Forum participants identified a number of barriers to achieving UHC and using evidence-based assessments, including affordability, lack of political will, and cultural deference to expert opinion. A recurring discussion theme was the lack of collaboration and trust between agencies and industry in Asia, and limited HTA process transparency and accountability. A first step to improve transparency and accountability could be publishing all stages of HTA reports (intent to assess, protocol, draft assessment) online with adequate time allowed for feedback from patient groups, clinicians, industry, and related stakeholders. Poor quality observational evidence makes investment decisions difficult; collaboration between public and private sectors (such as increased dialogue leading to identifying systems or technologies that work in other countries, or establishing patient registries) is required to overcome this challenge.

The disconnect between what RWD the public sector HTA agencies and industry have knowledge of and use when making HTA decision in Asia was also of interest. Industry is uncertain as to what data HTA agencies in the Asia region require to support decision-making and was not aware of the extent to which RWD (primarily administrative insurance claims) are being used to inform HTA decisions. It also became clear that these public sector agencies would like greater access to industry’s patient-level clinical trial data to inform decision-making. Asian countries tend to have a conservative approach to privacy, legal, ethical, and custodial concerns around public health database linkage and RWD access. There is a clear need for government, agencies, and industry to develop a code of ethics and guidelines in relation to the collection, access, and use, of data. Forum members proposed that a catalogue of all available, accessible public data be developed for all countries across the region.

In conclusion, HTA and access to RWD were identified as having great potential to contribute to the goal of achieving UHC and that this goal is should indeed be pursued in Asia. However, issues such as transparency and accountability of HTA, and trust and collaboration between the public and private sectors, remain important concerns. A detailed summary of these discussion and issues, plus recommendations for actions, will be made available in a white paper to be published on the HTAi website.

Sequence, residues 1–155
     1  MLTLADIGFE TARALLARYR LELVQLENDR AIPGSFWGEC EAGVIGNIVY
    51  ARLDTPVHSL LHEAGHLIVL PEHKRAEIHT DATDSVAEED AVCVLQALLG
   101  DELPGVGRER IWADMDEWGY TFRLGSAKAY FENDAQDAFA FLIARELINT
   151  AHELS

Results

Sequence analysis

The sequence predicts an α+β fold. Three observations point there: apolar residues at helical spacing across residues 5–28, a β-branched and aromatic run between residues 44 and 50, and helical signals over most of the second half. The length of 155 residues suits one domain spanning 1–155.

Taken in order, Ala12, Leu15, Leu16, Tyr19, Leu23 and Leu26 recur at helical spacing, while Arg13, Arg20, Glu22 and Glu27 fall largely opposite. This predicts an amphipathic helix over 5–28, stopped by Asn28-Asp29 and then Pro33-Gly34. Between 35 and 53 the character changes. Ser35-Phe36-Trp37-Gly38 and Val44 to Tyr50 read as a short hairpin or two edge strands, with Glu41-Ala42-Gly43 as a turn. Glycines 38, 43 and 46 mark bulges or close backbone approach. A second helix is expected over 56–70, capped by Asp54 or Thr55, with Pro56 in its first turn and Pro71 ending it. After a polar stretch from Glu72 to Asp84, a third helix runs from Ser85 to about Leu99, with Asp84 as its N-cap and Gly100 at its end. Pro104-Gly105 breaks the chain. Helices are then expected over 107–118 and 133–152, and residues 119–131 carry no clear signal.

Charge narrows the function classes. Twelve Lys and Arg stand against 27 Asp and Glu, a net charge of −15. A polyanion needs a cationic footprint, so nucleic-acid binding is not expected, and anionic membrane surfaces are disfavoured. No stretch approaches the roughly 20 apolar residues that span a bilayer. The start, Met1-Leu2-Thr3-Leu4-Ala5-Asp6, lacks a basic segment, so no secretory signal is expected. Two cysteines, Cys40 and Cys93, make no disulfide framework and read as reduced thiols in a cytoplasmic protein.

References available upon request.

About the Authors

Linda Mundy serves HealthPACT, Healthcare Improvement Unit, Clinical Excellence Division of Queensland Health. After completing her MPH, she began conducting systematic reviews but, since 2003, has conducted horizon scanning on behalf of HealthPACT, to proactively identify new and emerging technologies that may impact on the public health systems of Australia and New Zealand.

Rebecca Trowman is the HTAi Policy Forum and Interest Group Manager and coordinates the HTAi Policy Forum series. She has formal training and 15 years of experience in the development and implementation of health policy and HTA in the Australian Government, academia, and at the National Institute for Health and Care Excellence (NICE) in the UK.

Professor Brendon Kearney is Chair, HTAi Asia Policy Forum (2017 – 2019). He is a Clinical Professor in the Faculty of Medicine, University of Adelaide, and a Consultant in the Haematology Unit of the Royal Adelaide Hospital Cancer Service. He is the past and present Chair of numerous committees including the Health Policy Advisory Committee on Technology (HealthPACT), the Medical Services Advisory Committee (MSAC), EuroScan International and is a current Board member of HTAsiaLink.